Luther underscored Scripture’s own testimony for interpretation, which is the model that Jesus and the apostles followed: “Sancta Scriptura sui ipsius interpres.”
He held that the Bible is the only foundation of faith and holds the only priority. Every believer should have access to it and be able to understand it. Luther called the Council of Toulouse in 1229 “an artful act of the devil” for prohibiting access to the Bible to the laity. Of God’s Word, he said, “This Queen must reign. To her, all of us must listen and submit. We must not be her teacher, judge, and arbitrator, but simply her witnesses, students, and confessors, whether the Pope, Luther, Augustin, Paul or an angel in heaven.”
Until the end of his days, Luther felt a deep respect for the Word of God. Among the last words he uttered were, “No one should think to have tasted the Holy Scriptures sufficiently, except that he reigned over the churches for one hundred years with prophets like Elijah and Elisha, John the Baptist, Christ and the apostles.” Then he added, full of lowliness, “We are beggars: That is true.”
Courage in the Face of Conflict
Luther was driven by a holy fervor and didn’t shrink back even in the face of powerful people and the majority. Warned by friends not to go to the Diet of Worms, he replied, “I must and want to go in even if there are as many devils inside as there are tiles on the roofs.” This kind of courage should serve as an example to all those who, in these days, proclaim the “present truth.”
Emperor Karl V argued before the Diet of Worms: “For it is certain that a single monk will go astray with his opinion, which is against all Christianity, not only for the past thousand and more years but also in present times; according to this view the whole of Christianity has always been in error, and the same would apply today.” Luther was led by his conscience. After his first appearance before the Diet of Worms, he seemed uncertain, as if he had lost his courage, but after a moment, he decided to go forward and not to betray the gospel.
From a certain point in his development, Luther no longer shunned the conflict over the truth. The pamphlet, “On the Babylonian Exile of the Church” characterizes this as a battle cry. It makes a case for the seven sacraments being symbols of papal tyranny. An editor of Luther’s scripts said that never before had an author been able to convey his concern in such a rapid, comprehensive manner and in such a precise way to the reading public. German author Heinrich Heine confides that “the delicacy of Erasmus and the gentleness of Melanchthon would never have brought us as far as sometimes did the divine brutality of Brother Martin.”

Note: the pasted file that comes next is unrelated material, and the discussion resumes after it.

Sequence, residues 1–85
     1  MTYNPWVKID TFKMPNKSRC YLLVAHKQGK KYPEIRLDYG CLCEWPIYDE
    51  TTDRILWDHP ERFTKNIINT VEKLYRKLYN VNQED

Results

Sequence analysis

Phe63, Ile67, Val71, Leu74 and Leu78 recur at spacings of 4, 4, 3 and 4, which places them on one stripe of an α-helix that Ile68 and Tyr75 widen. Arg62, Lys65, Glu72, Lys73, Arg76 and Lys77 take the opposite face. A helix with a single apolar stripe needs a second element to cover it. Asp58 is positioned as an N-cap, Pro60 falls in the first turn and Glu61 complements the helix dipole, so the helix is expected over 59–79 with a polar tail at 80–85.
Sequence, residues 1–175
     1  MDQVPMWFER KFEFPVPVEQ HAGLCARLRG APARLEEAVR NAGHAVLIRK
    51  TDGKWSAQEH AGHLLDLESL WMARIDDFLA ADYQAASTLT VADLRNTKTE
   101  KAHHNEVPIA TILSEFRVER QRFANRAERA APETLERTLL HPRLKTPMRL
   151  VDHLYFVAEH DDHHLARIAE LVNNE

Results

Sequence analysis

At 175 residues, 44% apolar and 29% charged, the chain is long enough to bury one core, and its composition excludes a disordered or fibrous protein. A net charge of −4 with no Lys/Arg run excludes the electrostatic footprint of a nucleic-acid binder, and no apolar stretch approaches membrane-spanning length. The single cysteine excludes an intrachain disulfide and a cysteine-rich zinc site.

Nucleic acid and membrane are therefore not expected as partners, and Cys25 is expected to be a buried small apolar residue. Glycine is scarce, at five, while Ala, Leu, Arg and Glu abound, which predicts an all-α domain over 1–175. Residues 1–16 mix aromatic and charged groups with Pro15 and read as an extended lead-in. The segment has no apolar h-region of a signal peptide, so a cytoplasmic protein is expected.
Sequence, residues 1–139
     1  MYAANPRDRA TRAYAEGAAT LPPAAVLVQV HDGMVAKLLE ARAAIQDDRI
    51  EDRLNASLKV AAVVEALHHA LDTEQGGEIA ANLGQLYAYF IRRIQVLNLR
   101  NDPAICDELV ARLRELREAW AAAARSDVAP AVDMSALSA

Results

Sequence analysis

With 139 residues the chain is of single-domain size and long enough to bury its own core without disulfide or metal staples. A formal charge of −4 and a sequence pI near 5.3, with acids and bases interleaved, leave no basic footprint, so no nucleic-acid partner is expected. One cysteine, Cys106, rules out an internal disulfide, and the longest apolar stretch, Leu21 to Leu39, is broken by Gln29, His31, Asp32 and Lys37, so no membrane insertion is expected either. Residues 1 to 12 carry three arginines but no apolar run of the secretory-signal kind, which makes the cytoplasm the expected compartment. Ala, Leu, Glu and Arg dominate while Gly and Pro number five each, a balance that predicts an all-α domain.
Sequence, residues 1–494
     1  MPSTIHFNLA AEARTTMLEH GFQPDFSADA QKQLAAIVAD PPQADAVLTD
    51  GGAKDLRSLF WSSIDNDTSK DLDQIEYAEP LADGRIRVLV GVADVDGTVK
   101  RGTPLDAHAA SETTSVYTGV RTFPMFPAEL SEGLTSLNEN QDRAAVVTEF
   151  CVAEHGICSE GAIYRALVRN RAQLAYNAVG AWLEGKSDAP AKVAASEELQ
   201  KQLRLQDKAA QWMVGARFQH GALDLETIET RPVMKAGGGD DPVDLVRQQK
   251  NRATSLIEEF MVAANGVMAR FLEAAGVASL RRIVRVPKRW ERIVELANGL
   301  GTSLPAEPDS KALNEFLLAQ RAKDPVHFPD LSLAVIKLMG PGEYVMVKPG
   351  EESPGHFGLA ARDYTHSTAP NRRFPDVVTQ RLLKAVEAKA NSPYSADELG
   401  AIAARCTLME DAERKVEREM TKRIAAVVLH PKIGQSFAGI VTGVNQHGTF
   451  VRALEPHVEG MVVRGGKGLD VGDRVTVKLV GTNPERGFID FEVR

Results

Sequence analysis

In his “divine brutality,” he was more courageous than the whole lot of the intellectuals of his time. Accordingly, Luther did not hesitate to designate the pope as the antichrist when this conviction, based on the study of Scripture, ripened within him.
The certainty and joyfulness Luther expressed when proclaiming the gospel dismantled the framework through which the culture of his time operated. Luther’s courageous and unwavering perseverance in staying with God’s Word was the means for setting the church free and beginning a new and better era.
Luther strategically planned the spreading of his critique of the church. He sent his 95 Theses in handwritten letters to well-chosen recipients in the realms of science, politics, and the church, such as Albrecht von Brandenburg and the archbishops of Magdeburg and Mainz, the most senior German clergy.
His later scripts were especially adjusted to target specific groups with appropriate entreaties: the nobility, for abuses in the church; scholars, concerning reforms; and individuals concerning Christian freedom. His perfectly fitting speeches to various groups rendered his scripts coveted material that were often illegally reprinted.
In short, Luther was a prolific writer who, from just 1518 to 1519, produced 45 publications containing about 1,600 printed pages. A few years later, he was not only the most widely read (and most disputed) author of Europe but also the most diligent of the entire 16th century.
Although Germany did not exist as a country at that time, Luther the great communicator succeeded in making himself the region’s ambassador and advocate: “We, for a correct understanding of the gospel according to the Scriptures. We, against Rome! We, in favor of God’s cause!”
In 1529, Luther’s supporters received the name “Protestants.” Today, more than ever, the world needs convicted followers of Christ who believe firmly in the power of the Word, who dare to confess it and boldly live out their faith.
Where can their relevant message of present truth be heard today?